But, we do have a thing about reforming the pre-Cambrian mind and spending blood and treasure like tomorrow is Mayan double Green Stamps day on the task of squaring the Middle East circle. Violent, misogynistic, anti-Christian, irrational, backward, corrupt countries with not one Piggly Wiggly grocery store stimulate the Obamaniacal yearning to invade them to unbearable levels. The Pope moving the Vatican to Salt Lake City would make more sense to me than that, but that's just me.

Billions will be sent to patrol the vital sandways of Yemen and Afghanistan but not a simoleon for having our boys patrol the Mexican border or the battlefields of s. Chicago.

Like the man says. A joke country.

"Unamusement Park’s Official Position on the 'Inner City.'" By Unamused, 11/13/12.

Been there, done that.

The experts have had their chance. Their "maximum security, zero tolerance, gun-free zone" notion stands revealed as no security at all.
~ Remus.

Pearls of expression – XXXII.

It is worth pointing out that nine years ago, on the basis of racist white supremacist Nazi trickery, also known as statistics, a law professor, Lloyd Cohen, “filed a federal civil rights complaint alleging racial discrimination in admissions” . . . .
Whiny Minorities Offer Stupid Theories About Smart Kids." By Dec 14th, 2012 by Unamused, 12/14/12.

True colors.

Reginald Denny (on ground)
The most overrated hero of liberals, Mahatma Gandhi, believed the Jews should have not resisted the nazis as a way to show the world hitler’s true colors. Ha! The world saw the true colors [of] those that beat Reginald Denny and liberals still made excuses for them.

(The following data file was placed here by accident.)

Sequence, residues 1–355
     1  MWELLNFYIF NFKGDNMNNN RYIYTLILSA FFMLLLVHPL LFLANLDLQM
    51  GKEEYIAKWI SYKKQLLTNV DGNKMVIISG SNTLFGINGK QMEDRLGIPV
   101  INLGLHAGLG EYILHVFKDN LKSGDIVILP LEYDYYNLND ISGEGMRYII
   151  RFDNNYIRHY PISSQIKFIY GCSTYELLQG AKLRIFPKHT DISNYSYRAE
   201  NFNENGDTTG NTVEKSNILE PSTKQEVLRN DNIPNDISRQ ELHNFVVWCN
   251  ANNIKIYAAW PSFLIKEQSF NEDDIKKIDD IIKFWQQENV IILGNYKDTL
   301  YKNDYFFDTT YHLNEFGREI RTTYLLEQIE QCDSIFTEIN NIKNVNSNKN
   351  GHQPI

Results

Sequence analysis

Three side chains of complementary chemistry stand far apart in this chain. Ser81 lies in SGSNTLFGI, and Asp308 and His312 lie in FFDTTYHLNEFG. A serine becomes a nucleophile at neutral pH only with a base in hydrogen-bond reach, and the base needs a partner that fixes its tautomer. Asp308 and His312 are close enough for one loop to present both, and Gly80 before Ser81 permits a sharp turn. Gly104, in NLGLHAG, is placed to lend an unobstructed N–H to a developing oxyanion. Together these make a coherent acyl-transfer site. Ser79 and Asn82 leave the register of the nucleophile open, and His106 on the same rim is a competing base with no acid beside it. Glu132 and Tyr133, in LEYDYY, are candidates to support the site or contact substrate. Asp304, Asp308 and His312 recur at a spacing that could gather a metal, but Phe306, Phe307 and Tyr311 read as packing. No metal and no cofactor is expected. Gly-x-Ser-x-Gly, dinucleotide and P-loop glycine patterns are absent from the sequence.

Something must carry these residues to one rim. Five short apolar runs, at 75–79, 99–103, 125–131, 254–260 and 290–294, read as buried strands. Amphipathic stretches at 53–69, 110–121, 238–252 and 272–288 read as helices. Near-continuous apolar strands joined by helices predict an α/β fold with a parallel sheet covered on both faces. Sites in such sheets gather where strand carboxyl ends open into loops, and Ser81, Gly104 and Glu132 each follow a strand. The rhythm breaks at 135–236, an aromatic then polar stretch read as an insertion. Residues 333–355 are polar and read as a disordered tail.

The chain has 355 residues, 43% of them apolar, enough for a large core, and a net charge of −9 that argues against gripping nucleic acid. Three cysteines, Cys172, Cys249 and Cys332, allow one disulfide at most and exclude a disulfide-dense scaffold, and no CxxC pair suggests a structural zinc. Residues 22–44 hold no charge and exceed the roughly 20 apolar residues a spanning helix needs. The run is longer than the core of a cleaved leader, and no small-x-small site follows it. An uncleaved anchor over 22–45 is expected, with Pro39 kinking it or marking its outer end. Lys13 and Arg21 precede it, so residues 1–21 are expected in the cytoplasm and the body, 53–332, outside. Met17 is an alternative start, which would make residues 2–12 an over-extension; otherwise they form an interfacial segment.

~ Johnny commenting on Jew Without a Gun." By Robert J. Avrech, Seraphic Secret, 12/18/12.

Wherein political power and citizen responsibility are considered.

Just as Obamacare has nothing to do with health, and cap and trade has nothing to do with so-called global warming, anti-gun laws have nothing to do with saving children’s lives.

It’s just another opportunity for the left to centralize power.[1]

There is no empirical evidence that totalitarian systems do anything but cause misery and actual slaughter of human beings. There is no evidence that the left can cite that proves that small amounts of power ceded to government are ever returned to the people. Power is being centralized. There is no institutional check on this centralization. A majority of the American electorate is corrupt.

Power never comes back to the people once it is lost. Leftists know this and knowingly and willingly desire the control over others of which Mr. Avrech warns. Our pleasant, caring, generous, highly-educated, decent neighbors hide behind the belief that caring about others justifies anything done under that banner and they deny their catastrophic actions. But it's willful blindness, a concept well established in U.S. criminal law that doesn't permit criminal defendants to avoid criminal responsibility by pretending – in the face of dead-cow-in-the-living-room evidence – that they know nothing.